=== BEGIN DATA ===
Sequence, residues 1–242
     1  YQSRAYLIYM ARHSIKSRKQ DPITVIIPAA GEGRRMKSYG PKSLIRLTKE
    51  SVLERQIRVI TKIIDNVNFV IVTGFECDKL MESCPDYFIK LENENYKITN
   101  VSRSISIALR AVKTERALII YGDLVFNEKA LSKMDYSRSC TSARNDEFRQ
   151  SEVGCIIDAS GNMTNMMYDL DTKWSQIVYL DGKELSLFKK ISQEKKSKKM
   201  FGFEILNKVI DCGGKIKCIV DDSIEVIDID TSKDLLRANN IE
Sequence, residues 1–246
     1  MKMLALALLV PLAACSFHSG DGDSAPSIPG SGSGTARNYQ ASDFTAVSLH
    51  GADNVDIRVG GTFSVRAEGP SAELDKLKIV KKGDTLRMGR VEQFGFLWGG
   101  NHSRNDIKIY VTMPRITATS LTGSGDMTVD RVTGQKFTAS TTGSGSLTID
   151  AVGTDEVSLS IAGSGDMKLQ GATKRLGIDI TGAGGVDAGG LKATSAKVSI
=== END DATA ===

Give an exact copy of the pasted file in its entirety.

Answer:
Sequence, residues 1–242
     1  YQSRAYLIYM ARHSIKSRKQ DPITVIIPAA GEGRRMKSYG PKSLIRLTKE
    51  SVLERQIRVI TKIIDNVNFV IVTGFECDKL MESCPDYFIK LENENYKITN
   101  VSRSISIALR AVKTERALII YGDLVFNEKA LSKMDYSRSC TSARNDEFRQ
   151  SEVGCIIDAS GNMTNMMYDL DTKWSQIVYL DGKELSLFKK ISQEKKSKKM
   201  FGFEILNKVI DCGGKIKCIV DDSIEVIDID TSKDLLRANN IE
Sequence, residues 1–246
     1  MKMLALALLV PLAACSFHSG DGDSAPSIPG SGSGTARNYQ ASDFTAVSLH
    51  GADNVDIRVG GTFSVRAEGP SAELDKLKIV KKGDTLRMGR VEQFGFLWGG
   101  NHSRNDIKIY VTMPRITATS LTGSGDMTVD RVTGQKFTAS TTGSGSLTID
   151  AVGTDEVSLS IAGSGDMKLQ GATKRLGIDI TGAGGVDAGG LKATSAKVSI